Measurements

The data collection instrument was a two-part questionnaire; the first part was a demographic characteristics form and the second part was a survey of midwifery professional codes of ethics compliance and applicability rate adapted from the Self-Reporting Questionnaire of Ethical Codes of Reproductive Health Providers in 20 domains, designed and evaluated by FarajKhoda et al. (2012) in the form of a PhD dissertation on reproductive health in an exploratory study, whose psychometric evaluation had shown content validity of 0.94, consensus of expert panel members by 94%, internal consistency of 86%, and stability of 95% [19]. In this study, 14 domains were evaluated in 95 items including compliance with client´s human dignity (6 items), compliance with client´s right to make decisions (11 items), obtaining client´s informed consent (4 items), disclosure to client (6 items), keeping client´s information confidential and secrecy (8 items), disclosing client´s information (6 items), compliance with client´s privacy (8 items), principle of profitability to client (6 items), no harm to client (5 items), compliance with principle of justice (5 items), service provider relationship with colleagues (5 items), service provider relationship with community (4 items), duty of service provider (14 items), and compliance with professional codes by service provider (7 items). Both qualitative and quantitative methods were also used to assess the content validity of the questionnaire. To do so qualitatively, 10 professionals in reproductive health and professional ethics across Iran were asked to submit their correctional views in writing after careful study of the tool. After collecting expert opinions, necessary revisions in the questionnaire were considered. As well, quantitative content validity showed that all the items had a minimum content validity ratio (CVR), based on the Lawshe table (0.62), and all the items scored above content validity index (CVI) of 0.79, thereby indicating appropriateness. The reliability of the research instrument was also assessed using intracluster correlation coefficient (ICC), which was 0.87, indicating an acceptable consistency of the questionnaire. A 5-point Likert-type scale was also employed to measure the compliance of each ethical item (i.e. very low=1, low=2, moderate=3, high=4, and very high=5 levels of compliance). The applicability rate of each item was additionally measured using the same questionnaire and scale.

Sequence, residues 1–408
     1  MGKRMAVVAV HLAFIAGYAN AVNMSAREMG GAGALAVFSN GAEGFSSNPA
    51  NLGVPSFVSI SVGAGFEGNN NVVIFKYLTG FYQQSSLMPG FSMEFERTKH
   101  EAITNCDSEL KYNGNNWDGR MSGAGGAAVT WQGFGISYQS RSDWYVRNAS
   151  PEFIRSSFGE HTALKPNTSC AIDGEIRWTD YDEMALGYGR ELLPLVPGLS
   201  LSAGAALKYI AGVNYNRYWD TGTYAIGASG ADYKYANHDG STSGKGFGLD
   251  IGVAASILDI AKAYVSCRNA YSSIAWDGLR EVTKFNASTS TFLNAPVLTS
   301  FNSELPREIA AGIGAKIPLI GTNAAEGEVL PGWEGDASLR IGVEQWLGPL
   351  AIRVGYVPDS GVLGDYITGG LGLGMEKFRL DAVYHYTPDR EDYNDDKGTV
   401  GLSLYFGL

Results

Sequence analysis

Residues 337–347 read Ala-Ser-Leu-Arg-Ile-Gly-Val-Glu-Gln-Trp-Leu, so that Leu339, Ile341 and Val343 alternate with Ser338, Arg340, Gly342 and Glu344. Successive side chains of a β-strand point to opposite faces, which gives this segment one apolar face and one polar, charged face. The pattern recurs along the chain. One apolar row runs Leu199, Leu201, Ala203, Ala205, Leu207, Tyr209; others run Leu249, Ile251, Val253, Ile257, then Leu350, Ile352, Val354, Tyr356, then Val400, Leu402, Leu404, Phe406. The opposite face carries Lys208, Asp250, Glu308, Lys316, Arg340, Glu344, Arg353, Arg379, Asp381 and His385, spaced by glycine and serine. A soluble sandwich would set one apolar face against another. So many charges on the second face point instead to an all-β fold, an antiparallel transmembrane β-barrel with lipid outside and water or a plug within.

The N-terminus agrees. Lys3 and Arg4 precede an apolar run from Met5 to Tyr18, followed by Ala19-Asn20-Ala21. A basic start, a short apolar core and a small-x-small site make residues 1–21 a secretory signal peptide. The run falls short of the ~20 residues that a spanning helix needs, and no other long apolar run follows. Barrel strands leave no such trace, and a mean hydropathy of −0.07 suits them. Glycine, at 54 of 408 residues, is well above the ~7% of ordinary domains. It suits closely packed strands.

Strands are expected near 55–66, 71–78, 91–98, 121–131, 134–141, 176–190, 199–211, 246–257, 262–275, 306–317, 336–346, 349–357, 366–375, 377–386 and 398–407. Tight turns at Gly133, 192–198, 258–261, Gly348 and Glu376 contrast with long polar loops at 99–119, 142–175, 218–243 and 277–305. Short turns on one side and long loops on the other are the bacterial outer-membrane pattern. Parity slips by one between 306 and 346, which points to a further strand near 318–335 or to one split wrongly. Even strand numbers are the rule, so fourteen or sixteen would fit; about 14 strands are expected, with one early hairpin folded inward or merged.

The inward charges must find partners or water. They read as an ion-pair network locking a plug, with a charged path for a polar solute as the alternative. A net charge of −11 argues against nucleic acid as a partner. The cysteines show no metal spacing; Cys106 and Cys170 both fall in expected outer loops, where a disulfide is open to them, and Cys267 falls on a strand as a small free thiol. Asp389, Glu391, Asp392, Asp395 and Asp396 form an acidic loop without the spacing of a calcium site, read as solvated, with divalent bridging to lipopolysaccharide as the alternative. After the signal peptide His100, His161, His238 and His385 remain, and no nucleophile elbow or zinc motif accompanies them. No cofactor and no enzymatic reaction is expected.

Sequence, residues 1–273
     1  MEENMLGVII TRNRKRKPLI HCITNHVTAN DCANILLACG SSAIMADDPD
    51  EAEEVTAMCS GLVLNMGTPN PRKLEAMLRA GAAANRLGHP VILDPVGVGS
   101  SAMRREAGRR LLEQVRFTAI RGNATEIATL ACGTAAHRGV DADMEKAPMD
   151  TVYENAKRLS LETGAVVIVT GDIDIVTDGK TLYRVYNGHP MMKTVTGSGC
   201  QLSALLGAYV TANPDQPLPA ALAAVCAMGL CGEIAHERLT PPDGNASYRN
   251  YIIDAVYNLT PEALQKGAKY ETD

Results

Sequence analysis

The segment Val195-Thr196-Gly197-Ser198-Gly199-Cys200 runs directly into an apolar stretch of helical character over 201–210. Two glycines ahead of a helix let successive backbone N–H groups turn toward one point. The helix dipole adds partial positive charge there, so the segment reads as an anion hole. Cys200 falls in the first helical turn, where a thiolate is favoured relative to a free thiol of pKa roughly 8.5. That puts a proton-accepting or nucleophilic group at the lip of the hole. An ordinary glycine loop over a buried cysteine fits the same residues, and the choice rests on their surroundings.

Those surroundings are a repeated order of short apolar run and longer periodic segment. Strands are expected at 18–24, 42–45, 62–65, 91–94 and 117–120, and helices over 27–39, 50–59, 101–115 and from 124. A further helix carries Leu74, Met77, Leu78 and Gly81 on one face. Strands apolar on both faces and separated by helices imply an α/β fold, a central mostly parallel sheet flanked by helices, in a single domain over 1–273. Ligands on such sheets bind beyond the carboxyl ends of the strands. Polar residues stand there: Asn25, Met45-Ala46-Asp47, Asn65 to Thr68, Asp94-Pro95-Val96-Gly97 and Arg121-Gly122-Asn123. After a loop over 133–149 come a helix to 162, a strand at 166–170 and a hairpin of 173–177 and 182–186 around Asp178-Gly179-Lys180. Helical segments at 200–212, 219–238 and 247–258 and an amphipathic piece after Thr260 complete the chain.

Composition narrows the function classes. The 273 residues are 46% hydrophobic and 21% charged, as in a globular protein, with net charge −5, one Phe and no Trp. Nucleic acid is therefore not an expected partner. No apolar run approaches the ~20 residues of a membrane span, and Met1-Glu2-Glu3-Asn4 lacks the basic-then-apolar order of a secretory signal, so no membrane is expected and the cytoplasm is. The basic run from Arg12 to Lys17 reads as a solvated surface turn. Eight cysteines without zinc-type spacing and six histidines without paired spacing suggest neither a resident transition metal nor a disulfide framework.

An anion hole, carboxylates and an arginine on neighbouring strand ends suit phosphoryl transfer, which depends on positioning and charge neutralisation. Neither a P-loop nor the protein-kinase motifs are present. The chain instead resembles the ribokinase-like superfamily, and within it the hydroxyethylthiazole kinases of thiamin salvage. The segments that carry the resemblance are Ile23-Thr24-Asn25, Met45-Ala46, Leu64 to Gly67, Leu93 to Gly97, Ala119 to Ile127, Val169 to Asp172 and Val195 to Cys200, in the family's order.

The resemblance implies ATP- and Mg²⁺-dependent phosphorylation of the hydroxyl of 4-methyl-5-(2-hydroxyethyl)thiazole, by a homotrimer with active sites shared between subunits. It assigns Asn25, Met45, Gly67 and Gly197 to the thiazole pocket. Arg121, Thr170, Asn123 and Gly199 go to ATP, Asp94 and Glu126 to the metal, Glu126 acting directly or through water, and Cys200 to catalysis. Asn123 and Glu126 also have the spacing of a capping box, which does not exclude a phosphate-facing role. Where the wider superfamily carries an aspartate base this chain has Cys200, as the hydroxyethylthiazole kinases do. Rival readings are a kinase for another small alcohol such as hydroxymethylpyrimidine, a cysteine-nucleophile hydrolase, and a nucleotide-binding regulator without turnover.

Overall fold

Statistical methods

The data were analyzed using the IBM SPSS Statistics (version 22) software via descriptive and inferential statistics. The Kolmogorov-Smirnov (K-S) test was also performed to examine the normality of the data. Parametric (repeated measures analysis of variance (ANOVA)) and non-parametric tests (generalized estimating equation (GEE)) were further used for data with normal and non-normal distribution; respectively. Chi-square test and/or independence t-test were also applied to investigate the correlation between two qualitative variables or grouped quantitative variables. Moreover, p<0.05 was considered as the significance level. Statistical analysis was carried out with an intention-to-treat (ITT) approach as emphasized by the CONSORT statement. To improve the reporting of the quality of trials, this statement declares that the number of participants in each group must be analyzed based on ITT principles [20].

Ethical considerations

The Ethics Committee of Alborz University of Medical Sciences approved this study with the ethics code no. IR.ABZUMS.REC.1397.010. The RCT registration no. was also IRCT20150209021020N2.

 

 

Results Up    Down